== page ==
Following the conversations in the construction media, you may think that clients are forced to make a choice between BREEAM or Passiv Haus or One Planet Living, or that the youngster on the block, Living Building Challenge, is setting itself in competition with the established standards.
Sustainable design and construction professionals in the Green Vision debating area at Leeds Eco Fair on 22nd May 2014 heard that whilst all these approaches provide tools, guidance and certification, the future is collaborative, and that these standards can compliment each other.
Chair John Alker (UKGBC) kicked off the panel debate with an audience poll, checking who has used the tools represented today, few hands were raised, and secondly who is here to learn more, most hands were raised.
John then invited the panel, Martin Brown UK (Fairsnape / Living Building Challenge UK Ambassador), Chris Herring (Passiv Haus Trust), Martin Townsend (BRE/BREEAM) and Sue Riddlestone (BioRegional / One Planet Living) to introduce the standards.
Sue Riddlestone reminded us of the concept of living within planetary boundaries, and how the One Planet Living scheme, based on 10 principles of sustainability, creates a common language for holistic living.
Martin Townsend reminded us that the popular BREEAM assessment method and rating system for building sets the standard for best practice in sustainable building design.
Chris Herring described Passiv Haus as a leading approach to low energy buildings focusing solely on the need to get our buildings performing efficiently, and that there is really no point designing buildings that look great if they do not perform correctly and efficiently.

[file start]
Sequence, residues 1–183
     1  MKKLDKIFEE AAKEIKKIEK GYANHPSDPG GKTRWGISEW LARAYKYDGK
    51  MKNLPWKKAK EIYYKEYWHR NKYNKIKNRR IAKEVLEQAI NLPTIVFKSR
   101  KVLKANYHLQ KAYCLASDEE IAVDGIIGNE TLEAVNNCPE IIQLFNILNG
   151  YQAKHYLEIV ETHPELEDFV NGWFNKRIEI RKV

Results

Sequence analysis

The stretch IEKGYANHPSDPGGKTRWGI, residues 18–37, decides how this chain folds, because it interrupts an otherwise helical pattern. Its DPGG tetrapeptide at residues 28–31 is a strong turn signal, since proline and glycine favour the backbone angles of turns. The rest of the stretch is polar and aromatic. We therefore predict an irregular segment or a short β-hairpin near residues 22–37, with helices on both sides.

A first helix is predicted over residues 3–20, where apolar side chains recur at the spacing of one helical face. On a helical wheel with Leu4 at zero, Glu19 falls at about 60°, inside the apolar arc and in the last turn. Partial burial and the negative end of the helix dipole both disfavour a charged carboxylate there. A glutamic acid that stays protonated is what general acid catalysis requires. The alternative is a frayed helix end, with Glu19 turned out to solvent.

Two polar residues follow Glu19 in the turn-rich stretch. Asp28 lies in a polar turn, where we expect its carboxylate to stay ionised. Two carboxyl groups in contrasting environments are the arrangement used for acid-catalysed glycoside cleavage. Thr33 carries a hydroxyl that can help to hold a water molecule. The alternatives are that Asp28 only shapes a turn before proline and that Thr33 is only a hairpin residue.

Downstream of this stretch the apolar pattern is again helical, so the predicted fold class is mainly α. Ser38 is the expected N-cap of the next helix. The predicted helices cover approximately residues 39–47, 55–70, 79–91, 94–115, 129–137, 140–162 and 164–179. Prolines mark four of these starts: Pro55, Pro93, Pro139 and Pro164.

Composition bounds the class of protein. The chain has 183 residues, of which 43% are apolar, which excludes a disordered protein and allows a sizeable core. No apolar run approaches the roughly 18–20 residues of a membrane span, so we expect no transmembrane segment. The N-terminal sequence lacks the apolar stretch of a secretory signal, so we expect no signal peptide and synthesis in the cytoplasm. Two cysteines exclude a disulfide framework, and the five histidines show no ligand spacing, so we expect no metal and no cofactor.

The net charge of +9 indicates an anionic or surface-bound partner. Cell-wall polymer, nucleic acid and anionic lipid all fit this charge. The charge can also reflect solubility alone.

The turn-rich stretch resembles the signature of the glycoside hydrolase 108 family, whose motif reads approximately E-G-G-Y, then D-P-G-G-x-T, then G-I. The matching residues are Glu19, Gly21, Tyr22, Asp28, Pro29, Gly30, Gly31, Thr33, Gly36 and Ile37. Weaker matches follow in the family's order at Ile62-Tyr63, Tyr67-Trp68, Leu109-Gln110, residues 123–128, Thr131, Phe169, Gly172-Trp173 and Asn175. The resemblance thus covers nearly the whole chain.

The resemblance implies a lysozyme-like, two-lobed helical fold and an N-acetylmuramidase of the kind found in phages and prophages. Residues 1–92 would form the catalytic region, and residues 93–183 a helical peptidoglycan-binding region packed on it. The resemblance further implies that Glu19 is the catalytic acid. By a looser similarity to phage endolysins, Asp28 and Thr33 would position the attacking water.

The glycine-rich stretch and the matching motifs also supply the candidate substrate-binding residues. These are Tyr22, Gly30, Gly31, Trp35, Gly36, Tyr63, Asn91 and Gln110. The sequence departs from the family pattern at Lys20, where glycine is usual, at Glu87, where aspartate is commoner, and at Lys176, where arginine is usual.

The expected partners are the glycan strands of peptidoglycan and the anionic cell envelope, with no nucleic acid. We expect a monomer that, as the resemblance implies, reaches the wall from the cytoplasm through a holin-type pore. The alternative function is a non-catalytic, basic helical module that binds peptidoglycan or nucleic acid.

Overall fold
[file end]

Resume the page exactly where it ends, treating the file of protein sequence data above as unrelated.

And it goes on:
Martin Brown introduced the Living Building Challenge as a regenerative sustainability philosophy and advocacy tool, based on required practices, not just current best practice, to stir the pot with other green standards, as arguably they are not challenging enough to address the broader sustainability agenda.
Questions from the audience included zero carbon homes for 2016, and how to value sustainable buildings by more than just financial measures.
Martin Brown saw the industry as being too unresponsive on the 2016 issue, that even after 8 years to prepare for the target we are still awaiting Government lead rather stepping forward with industry solutions. But importantly taking a broader look at benefits of health is essential, looking at health and social issues which we need to value alongside energy costs.
Chris Herring saw Passiv Haus being driven by those with vision, initially by passionate individuals but now a mixture ranging from schools to offices.
Martin Townsend commented on the need to understand where the government is at the moment with the Housing Standards Review, and really examine how we get to the ambitious 2016 targets, and bring the consumer on board to say I want lower energy bills.
Sue Riddlestone stated if we are serious about being sustainable get zero carbon in the building regulations, train the sector and alert the consumer.